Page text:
On the other hand, Rhodococcus sp. (So6b) showed the lowest MIC (25 %) against Botrytis sp. among other 16 active strains with MIC values between 50 % and 75 %. To the best of our knowledge, this is the first report addressing the antifungal activity of an Antarctic Rhodococcus strain against Botrytis sp. Other authors have reported the antimicrobial activity from a marine Rhodococcus strain (Yellamanda et al., 2016), highlighting the potential of this genus for exploration of biological activities, and particularly, antifungal compounds. Similarly, four Arthrobacter strains (Arthrobacter oxydans Se5.02, Arthrobacter polychromogenes Se18.01 , Arthrobacter phenanthrenivorans Se32.02, Arthrobacter psychrolactophilus So5b) were able to inhibit the growth of Rhizoctonia solani at the lowest concentration tested (1.56 %), antagonistic relationships that have not been reported to date. Additionally, Phytophthora infestans was inhibited by eight out of 28 strains (26 %) with a lowest MIC of 25 % for Arthrobacter polychromogenes (Se18.01), Arthrobacter phenanthrenivorans (Se28.01), Streptomyces sp.(So13.3), and Rhodococcus sp. (Sod9), being the first description of antagonistic activity of these strains against P. infestans. The new antifungal potential activities described here suggest that Antarctic -and other extreme environments- could provide a new source for the discovery of active molecules due to the differential evolutionary attributes of its microbial life.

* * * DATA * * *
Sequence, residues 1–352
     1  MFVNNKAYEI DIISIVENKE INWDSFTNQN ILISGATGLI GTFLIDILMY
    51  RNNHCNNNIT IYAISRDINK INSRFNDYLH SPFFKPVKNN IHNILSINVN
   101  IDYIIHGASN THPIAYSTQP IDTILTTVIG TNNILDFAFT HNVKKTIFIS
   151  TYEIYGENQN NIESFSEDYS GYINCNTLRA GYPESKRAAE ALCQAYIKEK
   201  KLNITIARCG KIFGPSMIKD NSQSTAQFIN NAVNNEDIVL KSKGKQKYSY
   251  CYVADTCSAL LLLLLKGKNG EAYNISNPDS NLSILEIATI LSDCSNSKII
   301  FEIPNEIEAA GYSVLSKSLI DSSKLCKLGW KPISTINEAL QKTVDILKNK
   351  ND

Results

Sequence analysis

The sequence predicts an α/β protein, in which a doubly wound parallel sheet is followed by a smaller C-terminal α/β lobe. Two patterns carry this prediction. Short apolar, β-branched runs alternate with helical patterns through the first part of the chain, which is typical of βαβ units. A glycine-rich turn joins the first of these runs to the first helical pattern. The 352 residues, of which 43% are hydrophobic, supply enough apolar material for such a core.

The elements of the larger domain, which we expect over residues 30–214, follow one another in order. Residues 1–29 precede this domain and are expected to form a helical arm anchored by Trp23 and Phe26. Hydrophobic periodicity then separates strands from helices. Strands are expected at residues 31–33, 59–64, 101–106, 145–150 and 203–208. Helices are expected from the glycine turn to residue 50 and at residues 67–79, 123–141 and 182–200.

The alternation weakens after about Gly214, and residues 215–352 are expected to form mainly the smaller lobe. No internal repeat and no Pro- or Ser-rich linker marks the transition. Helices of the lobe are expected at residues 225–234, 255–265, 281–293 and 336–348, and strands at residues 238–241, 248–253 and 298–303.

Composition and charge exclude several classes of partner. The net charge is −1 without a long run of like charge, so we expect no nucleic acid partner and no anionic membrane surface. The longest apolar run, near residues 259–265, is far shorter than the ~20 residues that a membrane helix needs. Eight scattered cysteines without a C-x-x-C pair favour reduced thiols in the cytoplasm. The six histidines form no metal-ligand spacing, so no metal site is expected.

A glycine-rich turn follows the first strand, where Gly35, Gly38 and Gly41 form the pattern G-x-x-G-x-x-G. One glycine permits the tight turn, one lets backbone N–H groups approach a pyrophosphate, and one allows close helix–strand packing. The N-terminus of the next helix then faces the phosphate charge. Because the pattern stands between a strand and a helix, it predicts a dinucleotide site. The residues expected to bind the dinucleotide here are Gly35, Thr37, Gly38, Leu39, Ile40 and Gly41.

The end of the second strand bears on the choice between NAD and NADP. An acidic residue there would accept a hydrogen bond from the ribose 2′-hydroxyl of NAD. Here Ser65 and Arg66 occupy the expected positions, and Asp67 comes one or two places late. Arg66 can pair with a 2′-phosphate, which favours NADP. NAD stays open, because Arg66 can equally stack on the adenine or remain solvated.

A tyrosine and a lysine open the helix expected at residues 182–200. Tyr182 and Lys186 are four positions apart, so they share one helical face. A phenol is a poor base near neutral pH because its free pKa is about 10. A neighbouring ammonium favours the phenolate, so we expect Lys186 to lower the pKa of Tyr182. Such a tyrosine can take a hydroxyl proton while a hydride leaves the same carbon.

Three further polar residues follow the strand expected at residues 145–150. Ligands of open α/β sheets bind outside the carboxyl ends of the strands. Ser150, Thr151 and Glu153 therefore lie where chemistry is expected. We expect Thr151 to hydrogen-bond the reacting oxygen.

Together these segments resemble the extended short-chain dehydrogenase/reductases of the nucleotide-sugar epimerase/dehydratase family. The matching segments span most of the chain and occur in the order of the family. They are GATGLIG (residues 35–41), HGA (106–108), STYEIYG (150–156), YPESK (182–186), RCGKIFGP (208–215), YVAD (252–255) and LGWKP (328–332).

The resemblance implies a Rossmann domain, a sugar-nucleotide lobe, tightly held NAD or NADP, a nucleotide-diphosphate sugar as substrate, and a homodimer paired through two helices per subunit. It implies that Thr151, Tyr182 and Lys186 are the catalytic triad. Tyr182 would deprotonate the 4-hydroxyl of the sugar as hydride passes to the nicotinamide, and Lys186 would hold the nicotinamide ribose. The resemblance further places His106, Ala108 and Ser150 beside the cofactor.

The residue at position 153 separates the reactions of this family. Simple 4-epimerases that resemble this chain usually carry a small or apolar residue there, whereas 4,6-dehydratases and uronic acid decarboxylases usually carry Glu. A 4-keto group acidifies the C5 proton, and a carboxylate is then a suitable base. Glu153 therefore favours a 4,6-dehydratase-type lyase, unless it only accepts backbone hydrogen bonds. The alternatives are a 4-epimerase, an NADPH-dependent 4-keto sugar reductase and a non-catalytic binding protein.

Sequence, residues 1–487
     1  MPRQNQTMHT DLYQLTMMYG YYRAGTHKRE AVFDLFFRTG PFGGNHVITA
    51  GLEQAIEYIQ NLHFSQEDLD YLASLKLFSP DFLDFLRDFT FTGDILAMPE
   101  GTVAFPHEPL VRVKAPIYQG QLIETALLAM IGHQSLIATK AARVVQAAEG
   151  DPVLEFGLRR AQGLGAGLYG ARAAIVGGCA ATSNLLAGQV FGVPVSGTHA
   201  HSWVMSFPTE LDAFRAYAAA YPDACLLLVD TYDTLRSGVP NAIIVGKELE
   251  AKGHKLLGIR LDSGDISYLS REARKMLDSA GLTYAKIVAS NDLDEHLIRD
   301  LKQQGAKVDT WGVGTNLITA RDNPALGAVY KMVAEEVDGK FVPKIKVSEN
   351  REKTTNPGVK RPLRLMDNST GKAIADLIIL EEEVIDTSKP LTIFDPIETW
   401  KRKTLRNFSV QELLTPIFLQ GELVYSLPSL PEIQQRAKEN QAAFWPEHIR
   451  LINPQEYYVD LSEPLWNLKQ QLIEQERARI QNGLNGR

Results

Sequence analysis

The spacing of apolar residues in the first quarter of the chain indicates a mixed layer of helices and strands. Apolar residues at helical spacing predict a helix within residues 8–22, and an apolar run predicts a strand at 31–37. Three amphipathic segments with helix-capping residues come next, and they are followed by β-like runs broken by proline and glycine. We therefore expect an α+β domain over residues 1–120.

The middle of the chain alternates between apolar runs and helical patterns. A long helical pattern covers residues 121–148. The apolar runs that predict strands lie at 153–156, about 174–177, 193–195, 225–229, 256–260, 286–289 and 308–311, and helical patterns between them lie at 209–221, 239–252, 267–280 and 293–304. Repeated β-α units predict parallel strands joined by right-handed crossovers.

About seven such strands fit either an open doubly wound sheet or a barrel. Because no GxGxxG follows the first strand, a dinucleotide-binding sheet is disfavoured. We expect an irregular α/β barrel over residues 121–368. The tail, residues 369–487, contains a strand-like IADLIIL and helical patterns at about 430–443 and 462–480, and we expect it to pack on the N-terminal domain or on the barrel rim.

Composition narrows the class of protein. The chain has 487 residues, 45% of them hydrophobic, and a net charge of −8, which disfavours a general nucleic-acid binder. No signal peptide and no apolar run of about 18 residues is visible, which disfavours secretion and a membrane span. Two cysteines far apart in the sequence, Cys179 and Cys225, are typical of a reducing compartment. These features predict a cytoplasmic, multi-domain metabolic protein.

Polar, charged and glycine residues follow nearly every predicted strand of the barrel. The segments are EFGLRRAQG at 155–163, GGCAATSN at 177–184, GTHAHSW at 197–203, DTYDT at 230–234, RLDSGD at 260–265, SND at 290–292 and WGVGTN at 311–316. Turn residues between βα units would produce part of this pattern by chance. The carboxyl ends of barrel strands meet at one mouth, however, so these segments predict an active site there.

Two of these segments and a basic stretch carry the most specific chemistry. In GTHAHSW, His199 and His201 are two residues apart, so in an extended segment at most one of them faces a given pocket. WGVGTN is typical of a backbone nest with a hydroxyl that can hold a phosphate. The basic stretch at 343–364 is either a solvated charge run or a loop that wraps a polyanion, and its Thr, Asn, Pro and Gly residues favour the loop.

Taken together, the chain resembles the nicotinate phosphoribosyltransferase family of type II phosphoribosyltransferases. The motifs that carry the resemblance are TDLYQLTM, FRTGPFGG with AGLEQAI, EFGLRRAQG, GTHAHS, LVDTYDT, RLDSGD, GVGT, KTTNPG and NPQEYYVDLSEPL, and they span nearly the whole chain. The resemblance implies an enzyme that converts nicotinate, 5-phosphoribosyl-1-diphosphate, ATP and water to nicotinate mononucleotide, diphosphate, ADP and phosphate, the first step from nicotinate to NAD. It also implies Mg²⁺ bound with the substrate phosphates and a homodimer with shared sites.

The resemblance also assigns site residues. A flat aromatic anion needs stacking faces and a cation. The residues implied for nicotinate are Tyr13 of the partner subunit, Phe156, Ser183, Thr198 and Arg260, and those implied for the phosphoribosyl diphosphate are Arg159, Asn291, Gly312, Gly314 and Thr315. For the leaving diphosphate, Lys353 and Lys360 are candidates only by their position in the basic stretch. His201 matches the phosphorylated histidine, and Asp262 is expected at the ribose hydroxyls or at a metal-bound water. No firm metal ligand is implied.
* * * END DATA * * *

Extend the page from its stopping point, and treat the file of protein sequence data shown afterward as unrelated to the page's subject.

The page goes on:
Antagonism on agar plates also showed that most of the actinobacteria strains change their activity dependently of the culture media composition. As previously reported, this could be explained because different culture conditions will activate distinct biosynthetic pathways for secondary metabolites production, since actinobacteria can have multiple silent biosynthetic gene clusters, which can be expressed under specific conditions (Rosen and Seyedsayamdost, 2017). Therefore, the nutritional differences between the tested culture media (M1, PDA or OA) allowed or suppressed the production of the antifungal bioactive metabolites. Consequently, in a further analysis it should be possible to design an optimized culture condition increasing the efficiency of Antarctic actinobacteria activity and production of antifungal compounds.